Additionally, Jackson said resumes should be listed chronologically, with particular focus on an applicant's most recent 10-year job history, and catering to the two audiences involved in the first hurdle of the hiring process: Selecting officials (who review resume details) and hiring managers (who focus on applicants' accomplishments). At JBM-HH, applications for federal service are processed at the Civilian Personnel Advisory Center at Fort Belvoir, Va., and then forwarded to the hiring managers.

Apply within occupational groups

According to Jackson, there are 23 occupational groups within the federal government, and generally applicants will only be qualified to apply within four groups, not all, or even one-fifth of the 23. Groups are categorized by the first two digits in the jobs occupational code, which could make searching for a position less intimidating.

"An applicant can set up searches [in usajobs.gov] by occupational groups, and only these positions will be available to them," Jackson said.

This allows the job seeker to maximize the search for positions that fit their qualifications, while also allowing them to avoid the emotional toll associated with being deemed ineligible, or eligible-not referred.

"Applicants must meet 100 percent of qualifications in a job post," Jackson said. "But the duty section is secondary to the qualification section. It's based on a 75 to 80 percent match rule. The federal government is not the place to get training. The government will not train you on how to perform the analytical work required for a position, they want people who can hit the ground running."

Term positions, open periods and location

Job positions designated "term" or "limited-term" are indeed temporary, according to Jackson. While some can last up to five years, if a permanent position opens up within that time frame the term employee will need to reapply for the permanent position, she said.

Federal applicants should also pay attention to the "open period" for a job post, according to Jackson. One myth Jackson raised focused on the timeframe associated with federal job listings, and concern that a job post with an shorter "open period" could mean that a hiring organization may already have a candidate in mind. That's not the case, according to Jackson.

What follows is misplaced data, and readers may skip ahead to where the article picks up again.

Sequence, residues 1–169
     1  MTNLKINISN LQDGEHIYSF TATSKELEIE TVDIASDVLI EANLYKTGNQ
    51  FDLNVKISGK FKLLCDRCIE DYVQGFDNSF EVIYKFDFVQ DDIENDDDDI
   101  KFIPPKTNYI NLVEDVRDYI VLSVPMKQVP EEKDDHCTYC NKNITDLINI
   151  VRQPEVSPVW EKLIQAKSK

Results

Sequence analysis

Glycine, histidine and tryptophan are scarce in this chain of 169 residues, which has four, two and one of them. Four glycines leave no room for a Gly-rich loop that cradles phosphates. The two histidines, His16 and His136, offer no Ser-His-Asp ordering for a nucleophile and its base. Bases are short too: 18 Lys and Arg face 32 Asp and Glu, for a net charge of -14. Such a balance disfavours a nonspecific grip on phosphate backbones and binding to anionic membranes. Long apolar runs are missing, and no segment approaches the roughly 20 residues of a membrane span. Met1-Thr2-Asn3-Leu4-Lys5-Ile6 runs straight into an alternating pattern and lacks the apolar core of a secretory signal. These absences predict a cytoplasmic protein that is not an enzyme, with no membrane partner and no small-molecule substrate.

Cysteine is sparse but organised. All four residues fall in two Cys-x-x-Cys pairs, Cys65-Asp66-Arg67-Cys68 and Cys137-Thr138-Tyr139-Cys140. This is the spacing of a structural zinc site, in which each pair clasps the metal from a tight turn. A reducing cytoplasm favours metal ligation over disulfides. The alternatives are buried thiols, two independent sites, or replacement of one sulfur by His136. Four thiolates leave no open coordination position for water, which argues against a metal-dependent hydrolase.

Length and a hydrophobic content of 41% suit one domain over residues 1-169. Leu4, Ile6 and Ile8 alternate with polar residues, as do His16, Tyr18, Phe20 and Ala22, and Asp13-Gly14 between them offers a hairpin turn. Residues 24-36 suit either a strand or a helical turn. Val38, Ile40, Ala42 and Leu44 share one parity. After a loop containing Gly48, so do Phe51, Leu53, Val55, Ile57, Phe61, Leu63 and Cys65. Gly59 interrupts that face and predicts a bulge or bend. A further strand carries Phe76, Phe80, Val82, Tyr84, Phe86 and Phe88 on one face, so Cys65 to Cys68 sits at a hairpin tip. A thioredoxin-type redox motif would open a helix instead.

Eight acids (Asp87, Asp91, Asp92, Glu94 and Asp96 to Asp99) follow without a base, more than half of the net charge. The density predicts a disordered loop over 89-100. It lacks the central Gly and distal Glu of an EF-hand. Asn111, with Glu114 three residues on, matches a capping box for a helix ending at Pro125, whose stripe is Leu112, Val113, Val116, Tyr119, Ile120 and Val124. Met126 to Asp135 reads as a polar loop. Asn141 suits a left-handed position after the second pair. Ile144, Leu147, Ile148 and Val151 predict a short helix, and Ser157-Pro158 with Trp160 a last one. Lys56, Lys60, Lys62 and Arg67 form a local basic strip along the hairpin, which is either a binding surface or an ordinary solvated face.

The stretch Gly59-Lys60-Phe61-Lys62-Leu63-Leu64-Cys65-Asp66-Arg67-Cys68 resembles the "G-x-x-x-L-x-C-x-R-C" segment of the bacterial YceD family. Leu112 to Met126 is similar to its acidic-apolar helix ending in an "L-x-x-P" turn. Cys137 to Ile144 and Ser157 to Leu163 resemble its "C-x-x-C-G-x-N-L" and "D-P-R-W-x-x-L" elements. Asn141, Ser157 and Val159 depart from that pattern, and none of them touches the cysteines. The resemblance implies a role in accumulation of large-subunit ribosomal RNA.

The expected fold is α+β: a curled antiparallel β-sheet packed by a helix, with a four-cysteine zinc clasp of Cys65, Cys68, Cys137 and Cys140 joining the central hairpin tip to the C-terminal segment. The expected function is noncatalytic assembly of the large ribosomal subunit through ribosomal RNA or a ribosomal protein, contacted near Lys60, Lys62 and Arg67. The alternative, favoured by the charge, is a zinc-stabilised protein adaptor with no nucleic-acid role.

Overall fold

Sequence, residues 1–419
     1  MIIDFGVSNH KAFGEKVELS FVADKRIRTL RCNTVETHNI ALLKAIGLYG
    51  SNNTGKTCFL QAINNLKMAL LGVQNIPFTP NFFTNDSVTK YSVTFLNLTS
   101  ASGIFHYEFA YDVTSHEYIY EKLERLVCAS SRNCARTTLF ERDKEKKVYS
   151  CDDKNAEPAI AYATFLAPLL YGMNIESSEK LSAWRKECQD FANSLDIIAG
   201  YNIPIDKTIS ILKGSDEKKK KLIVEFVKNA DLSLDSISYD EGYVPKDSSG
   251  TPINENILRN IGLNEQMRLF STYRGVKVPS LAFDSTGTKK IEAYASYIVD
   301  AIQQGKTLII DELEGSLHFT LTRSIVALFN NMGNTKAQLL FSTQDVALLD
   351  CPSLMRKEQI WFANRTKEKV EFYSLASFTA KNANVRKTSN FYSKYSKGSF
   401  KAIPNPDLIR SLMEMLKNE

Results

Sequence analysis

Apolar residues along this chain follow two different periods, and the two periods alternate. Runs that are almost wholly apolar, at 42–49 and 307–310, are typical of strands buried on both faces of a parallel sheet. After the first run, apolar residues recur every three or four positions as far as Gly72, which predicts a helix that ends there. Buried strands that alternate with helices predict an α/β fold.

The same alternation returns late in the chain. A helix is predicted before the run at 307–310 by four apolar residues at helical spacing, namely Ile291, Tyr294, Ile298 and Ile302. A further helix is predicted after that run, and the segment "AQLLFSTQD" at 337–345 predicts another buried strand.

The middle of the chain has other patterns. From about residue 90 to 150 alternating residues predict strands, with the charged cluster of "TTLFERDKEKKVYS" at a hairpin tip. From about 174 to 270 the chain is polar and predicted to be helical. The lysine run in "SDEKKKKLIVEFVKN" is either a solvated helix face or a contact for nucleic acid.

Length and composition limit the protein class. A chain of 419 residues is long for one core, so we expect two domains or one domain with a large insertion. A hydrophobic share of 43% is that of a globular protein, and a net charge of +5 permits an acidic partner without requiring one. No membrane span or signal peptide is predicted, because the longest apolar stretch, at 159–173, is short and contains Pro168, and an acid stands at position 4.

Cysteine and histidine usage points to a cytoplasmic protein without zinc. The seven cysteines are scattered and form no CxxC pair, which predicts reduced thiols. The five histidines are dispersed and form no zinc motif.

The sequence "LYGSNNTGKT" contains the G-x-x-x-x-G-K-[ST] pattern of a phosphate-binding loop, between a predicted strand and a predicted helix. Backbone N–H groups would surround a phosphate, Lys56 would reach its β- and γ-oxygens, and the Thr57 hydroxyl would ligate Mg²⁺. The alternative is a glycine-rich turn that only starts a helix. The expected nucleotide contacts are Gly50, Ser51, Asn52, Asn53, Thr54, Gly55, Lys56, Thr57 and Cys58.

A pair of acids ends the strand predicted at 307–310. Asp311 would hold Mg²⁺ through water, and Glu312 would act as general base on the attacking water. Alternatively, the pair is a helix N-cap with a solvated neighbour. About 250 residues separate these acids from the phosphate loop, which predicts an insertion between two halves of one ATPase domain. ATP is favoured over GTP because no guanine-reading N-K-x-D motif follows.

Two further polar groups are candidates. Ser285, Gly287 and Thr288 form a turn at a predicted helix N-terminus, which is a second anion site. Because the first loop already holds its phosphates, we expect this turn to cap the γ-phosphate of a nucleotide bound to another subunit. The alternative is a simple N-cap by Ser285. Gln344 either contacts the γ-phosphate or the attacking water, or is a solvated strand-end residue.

"Agencies will shorten their windows, not because they have a person in mind, but because they want to sort through 25 applications instead of 100," she said. "Once the Department of Transportation had to sort through 900 applications in order to fill one position."

Sorting through hundreds of applicants in the National Capital Region is not uncommon, which is why Jackson encourages job seekers to weigh the pros and cons of applying in a specific geographical region. Also, a person who still wants to reside in the D.C. metro area can still consider federal employment elsewhere.

"Winchester, Va.; Manassas, Va.; Falls Church, Va.; Fort Meade, Md; they are all pockets of D.C. metro where fewer candidates have historically applied," Jackson said.

This is good news for federal job seekers like Rainke who have strong resumes, and equally strong competition in civil service.

"I'm trying to crack the code to get hired," Rainke said. "I want to make sure that my 20 years in finance, and 10 to 12 years of experience in planning, programming, budgeting and execution, works to my advantage."

"Cracking the Code to the Federal Hiring Process" is sponsored by Marine Corps Community Services Henderson Hall and is open to all DoD ID card holders. To attend the next seminar call 703-614-6828.

Pentagram Staff Writer Arthur Mondale can be reached at awright@dcmilitary.com.